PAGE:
Without writers, there would be no songs. And if songwriting was no longer one of the most heavily regulated industries in America, there might be more happy songs.
While most music today is heard on modern technologies such as streaming services and mobile devices, the remuneration to songwriters is governed by ancient laws. Songwriters must rely on performing rights organizations (PRO), such as BMI and ASCAP, to negotiate blanket licenses, collect royalties, and enforce intellectual property rights on their behalf due to the immense number of entities that use music.
These PROs are governed by Department of Justice (DOJ) consent decrees issued in 1941, which deny songwriters and music publishers the ability to negotiate the value of their intellectual property in a free market. If an agreement on a negotiated rate cannot be reached, then the PROs must ask a rate court judge to determine the compensation that a songwriter will receive. Each PRO is assigned a specific rate court judge, who adjudicates that PRO’s rate negotiations.
Under the current regime, songwriters receive about $170 per million times a song is streamed over the internet, or slightly more than one-fourth of one-thousandth of a cent. Songwriters are required to agree to have their music performed even before the rate for the song is agreed upon. This is like selling your house to someone before you have agreed on a price, and then having the buyer move in immediately.
Consent decrees generally are supposed to be periodically reviewed, so in 2014, ASCAP and BMI asked the Department of Justice (DOJ) to review the consent decrees for performance royalties on digital music services, such as Pandora and Spotify. The PROs asked DOJ to give songwriters the ability to remove their catalogue from digital licensing services, since they were getting such abysmally low royalties.
On June 30, 2016, DOJ rejected this request, maintaining the status quo. To make matters worse, the department also decided to address a matter that was not raised by ASCAP and BMI. The DOJ arbitrarily and capriciously created new restrictions on fractional licensing, by deciding that each PRO could license 100 percent of a song for use, with little regard for whether all the writers of a song were represented entirely by that PRO, or the contractual agreements that bound them to a division of the royalties amongst themselves. This bizarre determination created an even greater disadvantage to songwriters trying negotiate fair market pricing for their licenses.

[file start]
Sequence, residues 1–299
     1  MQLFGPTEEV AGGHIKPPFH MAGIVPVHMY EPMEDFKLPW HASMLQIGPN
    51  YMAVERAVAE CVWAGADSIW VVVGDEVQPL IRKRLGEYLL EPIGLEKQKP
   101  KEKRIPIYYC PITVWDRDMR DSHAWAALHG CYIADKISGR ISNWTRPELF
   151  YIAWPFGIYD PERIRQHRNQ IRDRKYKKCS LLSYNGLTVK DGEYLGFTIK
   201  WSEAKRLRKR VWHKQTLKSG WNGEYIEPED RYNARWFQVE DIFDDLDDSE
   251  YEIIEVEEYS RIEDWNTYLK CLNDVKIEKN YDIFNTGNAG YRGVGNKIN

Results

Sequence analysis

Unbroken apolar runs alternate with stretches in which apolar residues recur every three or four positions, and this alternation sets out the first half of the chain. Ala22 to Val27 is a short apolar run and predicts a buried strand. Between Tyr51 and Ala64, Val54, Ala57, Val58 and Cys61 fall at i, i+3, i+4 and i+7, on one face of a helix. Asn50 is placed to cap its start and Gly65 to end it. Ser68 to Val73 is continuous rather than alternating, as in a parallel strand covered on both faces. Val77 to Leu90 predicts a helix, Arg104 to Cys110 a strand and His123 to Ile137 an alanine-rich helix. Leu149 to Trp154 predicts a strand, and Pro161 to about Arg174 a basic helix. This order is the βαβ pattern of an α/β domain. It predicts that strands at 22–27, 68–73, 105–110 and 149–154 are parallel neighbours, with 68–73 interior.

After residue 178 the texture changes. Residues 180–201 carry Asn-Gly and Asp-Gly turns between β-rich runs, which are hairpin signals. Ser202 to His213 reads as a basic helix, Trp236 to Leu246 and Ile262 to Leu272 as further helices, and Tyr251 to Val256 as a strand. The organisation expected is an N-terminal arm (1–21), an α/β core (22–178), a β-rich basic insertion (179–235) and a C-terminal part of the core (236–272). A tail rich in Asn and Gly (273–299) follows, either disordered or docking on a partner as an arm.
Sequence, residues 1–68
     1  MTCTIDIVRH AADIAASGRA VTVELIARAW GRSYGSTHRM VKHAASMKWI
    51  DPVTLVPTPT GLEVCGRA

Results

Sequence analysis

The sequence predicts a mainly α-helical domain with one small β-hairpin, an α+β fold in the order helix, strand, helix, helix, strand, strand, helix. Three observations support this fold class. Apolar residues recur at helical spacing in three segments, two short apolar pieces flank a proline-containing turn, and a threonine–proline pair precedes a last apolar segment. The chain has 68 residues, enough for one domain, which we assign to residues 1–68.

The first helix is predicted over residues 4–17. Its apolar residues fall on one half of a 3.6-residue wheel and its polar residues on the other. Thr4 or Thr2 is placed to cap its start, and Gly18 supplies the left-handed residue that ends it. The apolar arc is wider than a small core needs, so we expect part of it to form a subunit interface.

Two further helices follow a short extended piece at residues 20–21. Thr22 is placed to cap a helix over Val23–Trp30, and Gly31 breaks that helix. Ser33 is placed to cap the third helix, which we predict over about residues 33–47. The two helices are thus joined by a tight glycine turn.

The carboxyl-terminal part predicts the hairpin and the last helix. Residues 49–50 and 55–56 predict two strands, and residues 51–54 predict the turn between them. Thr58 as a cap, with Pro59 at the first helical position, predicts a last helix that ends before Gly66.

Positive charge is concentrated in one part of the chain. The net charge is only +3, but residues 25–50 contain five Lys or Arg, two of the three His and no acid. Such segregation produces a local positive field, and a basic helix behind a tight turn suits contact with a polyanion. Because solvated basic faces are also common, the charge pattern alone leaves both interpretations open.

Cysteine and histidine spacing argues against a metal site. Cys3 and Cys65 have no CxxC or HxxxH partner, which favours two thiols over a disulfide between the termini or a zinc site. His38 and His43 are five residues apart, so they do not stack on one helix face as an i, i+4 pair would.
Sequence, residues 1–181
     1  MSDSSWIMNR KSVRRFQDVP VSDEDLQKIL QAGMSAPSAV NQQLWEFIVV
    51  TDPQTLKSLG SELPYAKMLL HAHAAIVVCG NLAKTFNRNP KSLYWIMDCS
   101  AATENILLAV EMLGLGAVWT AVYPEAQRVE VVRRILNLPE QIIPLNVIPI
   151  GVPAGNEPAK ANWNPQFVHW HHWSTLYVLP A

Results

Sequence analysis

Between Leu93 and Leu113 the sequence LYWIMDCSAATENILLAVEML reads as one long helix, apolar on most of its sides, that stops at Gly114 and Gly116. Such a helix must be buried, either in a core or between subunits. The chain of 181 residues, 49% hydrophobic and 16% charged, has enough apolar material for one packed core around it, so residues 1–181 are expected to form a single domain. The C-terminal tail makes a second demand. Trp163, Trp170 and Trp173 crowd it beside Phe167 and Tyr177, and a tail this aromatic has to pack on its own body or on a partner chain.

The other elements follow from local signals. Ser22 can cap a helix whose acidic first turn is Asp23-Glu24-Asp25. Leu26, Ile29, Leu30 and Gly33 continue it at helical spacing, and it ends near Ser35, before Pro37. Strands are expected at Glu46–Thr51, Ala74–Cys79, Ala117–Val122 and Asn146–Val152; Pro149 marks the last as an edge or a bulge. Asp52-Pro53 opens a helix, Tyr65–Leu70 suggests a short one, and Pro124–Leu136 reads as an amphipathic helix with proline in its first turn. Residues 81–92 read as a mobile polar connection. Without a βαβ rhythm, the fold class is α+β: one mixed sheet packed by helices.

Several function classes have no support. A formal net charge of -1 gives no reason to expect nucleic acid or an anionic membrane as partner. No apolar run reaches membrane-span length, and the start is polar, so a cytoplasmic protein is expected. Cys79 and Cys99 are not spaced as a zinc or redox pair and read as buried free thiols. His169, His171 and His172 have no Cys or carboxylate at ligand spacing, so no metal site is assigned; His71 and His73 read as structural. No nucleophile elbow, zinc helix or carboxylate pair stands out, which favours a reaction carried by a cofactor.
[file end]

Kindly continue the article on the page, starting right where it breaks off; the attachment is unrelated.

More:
While PROs like ASCAP and BMI have always competed with one another, other PROs have entered the U.S. market, including SESAC, foreign PROs and GMR, who are unregulated and unconstrained by consent decrees that regulate the amount a songwriter can charge for their license. No other country imposes these regulated consent decrees on their music industry, putting the U.S. out of step with the rest of the world.
On Sept. 16, 2016, the BMI rate court judge, Louis L. Stanton, overturnedDOJ’s decision, finding that the consent decree, “does not address the possibilities that BMI might license performances of a composition without sufficient legal right to do so, or under a worthless or invalid copyright, or users might perform a music composition licensed by fewer than all of its creators.”
Judge Stanton further noted that, “The Consent Decree neither bars fractional licensing nor requires full-work licensing.” Following the BMI rate court decision, 18 members of Congress wrote to then-Attorney General Loretta Lynch on Sept 28, 2016, urging her to overturn DOJ’s ruling on the 100 percent licensing determination.
The House Judiciary Committee has been reviewing copyright laws during the past two years as part of an effort to modernize the U.S. copyright system. The committee should also review and modernize songwriter compensation and equity, so that songwriters across the nation can enjoy the same fair market rate standards as most artists and record labels, which would make everyone happy.
Thomas A. Schatz is president of Citizens Against Government Waste.